Yet scientific research does not support this view that problems in adulthood are prevalent, it instead shows that most children become well-adjusted adults.* And in fact, if you read some of her later work, you will find that she begins to soften her tone on some of her conclusions.
Obviously experiences shape who you are and your perspective on the world, but I’ve found that many of my friends whose parents divorced, myself included, are living very successful and healthy lives, with loving and caring marriages. If anything, I think witnessing many of the pitfalls and challenges our parents faced made us better equipped and prepared for what marriage is and can be.
Not all marriages are forever, but I know that all of my friends, divorced parents or not, truly want their marriages to last forever.
Unhappy Families vs. Divorce
I wholeheartedly believe that children stuck in continuously unhappy families and households can be worse off than if their parents divorced.
I have a close friend who was in a situation like this. A few years ago I told him I was doing a program called Parenting Through Divorce and he said to me, “I would have given anything for my Mom to divorce my Dad. It didn’t get better until he died.”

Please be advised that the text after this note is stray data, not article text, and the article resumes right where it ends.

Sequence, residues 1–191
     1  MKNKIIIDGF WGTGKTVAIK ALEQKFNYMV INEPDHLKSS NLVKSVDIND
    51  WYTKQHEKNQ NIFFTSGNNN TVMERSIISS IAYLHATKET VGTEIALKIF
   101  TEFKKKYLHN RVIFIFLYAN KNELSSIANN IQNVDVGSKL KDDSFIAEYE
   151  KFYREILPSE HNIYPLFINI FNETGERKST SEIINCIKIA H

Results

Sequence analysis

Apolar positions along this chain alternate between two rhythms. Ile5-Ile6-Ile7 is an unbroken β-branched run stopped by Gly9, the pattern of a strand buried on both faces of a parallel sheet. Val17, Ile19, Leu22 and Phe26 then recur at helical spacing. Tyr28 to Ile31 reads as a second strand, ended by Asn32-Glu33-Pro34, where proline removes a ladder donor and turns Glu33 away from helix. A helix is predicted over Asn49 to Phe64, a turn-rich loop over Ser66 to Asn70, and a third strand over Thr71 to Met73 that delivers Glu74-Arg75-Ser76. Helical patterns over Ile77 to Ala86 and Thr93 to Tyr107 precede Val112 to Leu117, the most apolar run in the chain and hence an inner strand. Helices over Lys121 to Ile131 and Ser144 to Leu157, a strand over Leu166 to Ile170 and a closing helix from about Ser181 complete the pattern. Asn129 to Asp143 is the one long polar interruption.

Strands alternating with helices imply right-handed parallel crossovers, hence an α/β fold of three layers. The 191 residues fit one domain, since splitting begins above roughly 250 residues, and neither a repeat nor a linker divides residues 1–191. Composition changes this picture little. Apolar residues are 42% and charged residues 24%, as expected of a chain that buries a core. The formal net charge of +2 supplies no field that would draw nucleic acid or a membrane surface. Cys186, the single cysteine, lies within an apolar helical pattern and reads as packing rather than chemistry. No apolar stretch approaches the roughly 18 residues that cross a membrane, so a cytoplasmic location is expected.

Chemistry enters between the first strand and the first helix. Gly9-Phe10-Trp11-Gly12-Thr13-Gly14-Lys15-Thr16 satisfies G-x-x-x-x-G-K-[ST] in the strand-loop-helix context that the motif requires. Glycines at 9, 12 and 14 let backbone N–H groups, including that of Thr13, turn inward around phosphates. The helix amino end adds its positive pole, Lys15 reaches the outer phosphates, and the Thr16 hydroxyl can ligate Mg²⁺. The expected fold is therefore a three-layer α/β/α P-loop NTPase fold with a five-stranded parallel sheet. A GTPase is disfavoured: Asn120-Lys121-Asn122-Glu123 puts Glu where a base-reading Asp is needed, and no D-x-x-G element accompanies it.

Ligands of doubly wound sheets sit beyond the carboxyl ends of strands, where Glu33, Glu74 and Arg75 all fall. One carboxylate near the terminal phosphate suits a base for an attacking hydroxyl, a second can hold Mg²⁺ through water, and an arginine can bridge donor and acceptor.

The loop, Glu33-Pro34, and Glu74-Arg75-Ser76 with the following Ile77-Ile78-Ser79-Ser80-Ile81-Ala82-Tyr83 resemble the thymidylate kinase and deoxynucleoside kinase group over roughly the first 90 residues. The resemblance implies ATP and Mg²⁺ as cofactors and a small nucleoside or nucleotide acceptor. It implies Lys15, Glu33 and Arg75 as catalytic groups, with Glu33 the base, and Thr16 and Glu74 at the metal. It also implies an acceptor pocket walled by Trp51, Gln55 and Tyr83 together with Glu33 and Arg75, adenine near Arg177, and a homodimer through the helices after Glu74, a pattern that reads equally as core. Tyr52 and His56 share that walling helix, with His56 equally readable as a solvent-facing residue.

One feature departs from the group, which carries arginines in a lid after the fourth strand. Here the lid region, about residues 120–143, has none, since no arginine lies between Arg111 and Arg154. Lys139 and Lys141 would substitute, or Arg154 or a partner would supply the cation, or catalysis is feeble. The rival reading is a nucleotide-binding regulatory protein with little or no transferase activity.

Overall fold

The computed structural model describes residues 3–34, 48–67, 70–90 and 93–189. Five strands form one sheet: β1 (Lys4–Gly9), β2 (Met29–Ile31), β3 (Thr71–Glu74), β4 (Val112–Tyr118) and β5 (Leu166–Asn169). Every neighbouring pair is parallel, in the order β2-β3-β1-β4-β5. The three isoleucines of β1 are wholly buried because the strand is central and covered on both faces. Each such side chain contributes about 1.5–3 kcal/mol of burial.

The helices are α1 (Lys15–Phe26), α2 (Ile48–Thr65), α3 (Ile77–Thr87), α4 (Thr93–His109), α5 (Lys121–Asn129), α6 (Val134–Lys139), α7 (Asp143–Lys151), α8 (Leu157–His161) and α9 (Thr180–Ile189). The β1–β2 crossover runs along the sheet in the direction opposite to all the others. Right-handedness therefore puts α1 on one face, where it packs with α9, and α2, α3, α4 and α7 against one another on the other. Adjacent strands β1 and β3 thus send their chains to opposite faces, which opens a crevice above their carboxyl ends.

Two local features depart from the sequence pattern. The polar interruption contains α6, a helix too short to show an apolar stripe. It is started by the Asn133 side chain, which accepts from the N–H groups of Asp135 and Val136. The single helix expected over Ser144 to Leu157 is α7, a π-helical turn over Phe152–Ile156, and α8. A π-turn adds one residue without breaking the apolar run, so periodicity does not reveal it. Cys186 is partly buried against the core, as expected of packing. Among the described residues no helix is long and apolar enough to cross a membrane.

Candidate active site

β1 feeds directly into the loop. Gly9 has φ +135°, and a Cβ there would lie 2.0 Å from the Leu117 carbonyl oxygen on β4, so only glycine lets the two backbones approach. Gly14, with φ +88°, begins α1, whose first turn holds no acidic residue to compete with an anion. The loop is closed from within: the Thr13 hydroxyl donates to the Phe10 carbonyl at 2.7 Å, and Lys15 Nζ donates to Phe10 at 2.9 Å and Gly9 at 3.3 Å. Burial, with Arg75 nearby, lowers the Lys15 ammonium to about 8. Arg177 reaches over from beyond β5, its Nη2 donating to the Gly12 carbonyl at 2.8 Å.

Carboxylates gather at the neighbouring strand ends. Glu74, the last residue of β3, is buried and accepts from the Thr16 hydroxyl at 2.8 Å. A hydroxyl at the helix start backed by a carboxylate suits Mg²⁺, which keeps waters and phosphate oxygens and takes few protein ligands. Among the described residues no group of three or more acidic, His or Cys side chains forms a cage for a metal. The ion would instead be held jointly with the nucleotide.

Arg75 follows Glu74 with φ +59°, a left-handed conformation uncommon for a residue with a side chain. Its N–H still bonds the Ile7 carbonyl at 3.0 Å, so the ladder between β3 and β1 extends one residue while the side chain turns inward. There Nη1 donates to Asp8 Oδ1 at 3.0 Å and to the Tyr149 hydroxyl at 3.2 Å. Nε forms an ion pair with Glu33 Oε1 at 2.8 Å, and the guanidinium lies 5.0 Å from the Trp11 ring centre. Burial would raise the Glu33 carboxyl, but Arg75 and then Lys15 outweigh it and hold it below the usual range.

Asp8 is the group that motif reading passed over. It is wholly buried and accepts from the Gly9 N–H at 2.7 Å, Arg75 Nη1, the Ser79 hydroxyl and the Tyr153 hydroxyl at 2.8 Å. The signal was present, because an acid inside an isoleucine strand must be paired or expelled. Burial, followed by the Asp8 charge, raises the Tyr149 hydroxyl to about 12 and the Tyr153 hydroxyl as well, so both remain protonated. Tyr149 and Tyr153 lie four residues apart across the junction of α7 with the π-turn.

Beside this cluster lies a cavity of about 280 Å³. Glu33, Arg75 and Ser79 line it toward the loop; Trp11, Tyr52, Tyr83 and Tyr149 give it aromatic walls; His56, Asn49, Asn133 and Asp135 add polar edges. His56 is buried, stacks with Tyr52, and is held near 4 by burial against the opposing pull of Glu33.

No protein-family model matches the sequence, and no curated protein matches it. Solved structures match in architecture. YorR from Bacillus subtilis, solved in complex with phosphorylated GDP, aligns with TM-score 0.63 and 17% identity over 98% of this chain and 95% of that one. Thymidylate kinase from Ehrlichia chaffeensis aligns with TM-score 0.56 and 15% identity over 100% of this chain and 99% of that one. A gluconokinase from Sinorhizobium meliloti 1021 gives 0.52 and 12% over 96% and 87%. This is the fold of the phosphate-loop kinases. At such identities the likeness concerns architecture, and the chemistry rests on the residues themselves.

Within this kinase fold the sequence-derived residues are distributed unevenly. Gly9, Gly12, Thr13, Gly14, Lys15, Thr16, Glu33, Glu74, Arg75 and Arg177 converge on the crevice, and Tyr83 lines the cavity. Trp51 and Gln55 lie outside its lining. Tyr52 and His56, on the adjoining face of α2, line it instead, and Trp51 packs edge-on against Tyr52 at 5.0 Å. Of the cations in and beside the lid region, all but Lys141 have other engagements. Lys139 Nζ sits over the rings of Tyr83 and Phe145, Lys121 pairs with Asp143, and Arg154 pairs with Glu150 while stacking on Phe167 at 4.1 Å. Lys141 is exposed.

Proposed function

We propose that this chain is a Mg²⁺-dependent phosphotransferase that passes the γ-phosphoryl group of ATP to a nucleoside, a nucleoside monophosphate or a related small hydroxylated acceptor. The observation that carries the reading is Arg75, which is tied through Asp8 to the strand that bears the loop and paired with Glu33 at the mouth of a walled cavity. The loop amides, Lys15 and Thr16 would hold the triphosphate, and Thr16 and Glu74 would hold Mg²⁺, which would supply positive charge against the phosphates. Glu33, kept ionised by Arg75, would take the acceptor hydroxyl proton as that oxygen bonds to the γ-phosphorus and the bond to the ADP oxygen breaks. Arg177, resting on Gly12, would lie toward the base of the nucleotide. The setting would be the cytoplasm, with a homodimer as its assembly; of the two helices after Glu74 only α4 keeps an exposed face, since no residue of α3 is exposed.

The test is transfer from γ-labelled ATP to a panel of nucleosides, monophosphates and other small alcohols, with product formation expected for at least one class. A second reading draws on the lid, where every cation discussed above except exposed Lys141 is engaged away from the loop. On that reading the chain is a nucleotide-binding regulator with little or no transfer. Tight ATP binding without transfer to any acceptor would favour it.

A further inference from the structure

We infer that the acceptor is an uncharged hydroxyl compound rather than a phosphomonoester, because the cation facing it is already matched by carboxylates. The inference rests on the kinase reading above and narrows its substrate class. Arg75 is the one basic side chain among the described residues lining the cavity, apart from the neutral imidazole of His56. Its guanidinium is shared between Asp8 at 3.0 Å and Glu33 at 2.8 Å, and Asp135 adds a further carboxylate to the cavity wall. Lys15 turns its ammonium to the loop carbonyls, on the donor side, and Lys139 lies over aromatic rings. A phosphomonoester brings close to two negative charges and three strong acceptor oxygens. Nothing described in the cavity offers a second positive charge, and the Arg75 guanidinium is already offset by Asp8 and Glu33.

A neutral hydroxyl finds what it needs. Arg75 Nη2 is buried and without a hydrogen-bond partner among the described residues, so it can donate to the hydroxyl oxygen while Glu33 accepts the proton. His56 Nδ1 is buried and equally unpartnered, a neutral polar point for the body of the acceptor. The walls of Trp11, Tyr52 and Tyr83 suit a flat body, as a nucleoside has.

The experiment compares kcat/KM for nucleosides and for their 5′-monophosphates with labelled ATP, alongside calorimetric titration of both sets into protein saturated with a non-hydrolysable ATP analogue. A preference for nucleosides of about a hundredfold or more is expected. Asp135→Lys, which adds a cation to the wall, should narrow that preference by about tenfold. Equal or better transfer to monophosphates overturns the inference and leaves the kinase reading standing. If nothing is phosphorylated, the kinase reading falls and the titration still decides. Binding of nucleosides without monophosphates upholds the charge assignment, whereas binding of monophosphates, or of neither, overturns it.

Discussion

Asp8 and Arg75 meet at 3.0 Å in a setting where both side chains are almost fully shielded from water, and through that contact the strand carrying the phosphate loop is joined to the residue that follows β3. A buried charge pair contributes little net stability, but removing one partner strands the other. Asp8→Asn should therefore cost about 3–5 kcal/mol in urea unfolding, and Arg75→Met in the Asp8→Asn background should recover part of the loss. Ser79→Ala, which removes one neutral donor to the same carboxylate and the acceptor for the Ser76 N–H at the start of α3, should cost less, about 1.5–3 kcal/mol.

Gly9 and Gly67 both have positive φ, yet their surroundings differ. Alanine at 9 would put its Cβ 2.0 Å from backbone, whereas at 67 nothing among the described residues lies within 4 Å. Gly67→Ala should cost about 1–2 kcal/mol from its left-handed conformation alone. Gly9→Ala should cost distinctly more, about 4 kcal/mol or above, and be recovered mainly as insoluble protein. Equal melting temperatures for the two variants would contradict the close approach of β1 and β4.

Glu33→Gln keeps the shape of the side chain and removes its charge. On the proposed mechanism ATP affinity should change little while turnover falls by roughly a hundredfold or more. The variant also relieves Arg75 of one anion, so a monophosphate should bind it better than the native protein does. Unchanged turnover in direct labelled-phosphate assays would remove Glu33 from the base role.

It breaks my heart that some children have to remain in situations like that. Most of the research will tell you that it typically takes two years for a child to readjust to a divorce and rebuild a normal, stable and healthy life. I think that is way more preferable than being stuck in an unhealthy household.
My siblings and I tried for a very long time to get our Mom to officially get a divorce. We knew it wasn’t a good situation and we wanted her out of the relationship. Obviously I know how hard it can be to give up on something you’ve been part of for 32 years, but eventually we all wanted her to let go.
Also, we didn’t fully understand why my Dad wouldn’t do it either, but we all believed that it was in the best interest of everyone if the marriage ended. Once the divorce was final and we got rid of the old house, it truly was a relief. It was like we could finally begin to create a new life within this new family structure.
Without a doubt divorce will affect your children, and it could potentially put your children at greater risk for certain difficulties. But, you will find that most children of divorce do not experience these serious problems any more so than children of non-divorced parents. Children are generally strong and resilient and most will have returned to a normal life after around two years.
There are many things you can do to make the transition easier for your children and just remember to focus on the environment you are creating for your children.
I couldn’t have asked for a more compassionate, efficient, and professional attorney to work with. Rick Mahler was there every step of the way during my divorce. He explained my options with clarity, answered all of my questions in an expedient manner, and always kept me abreast of the entire process.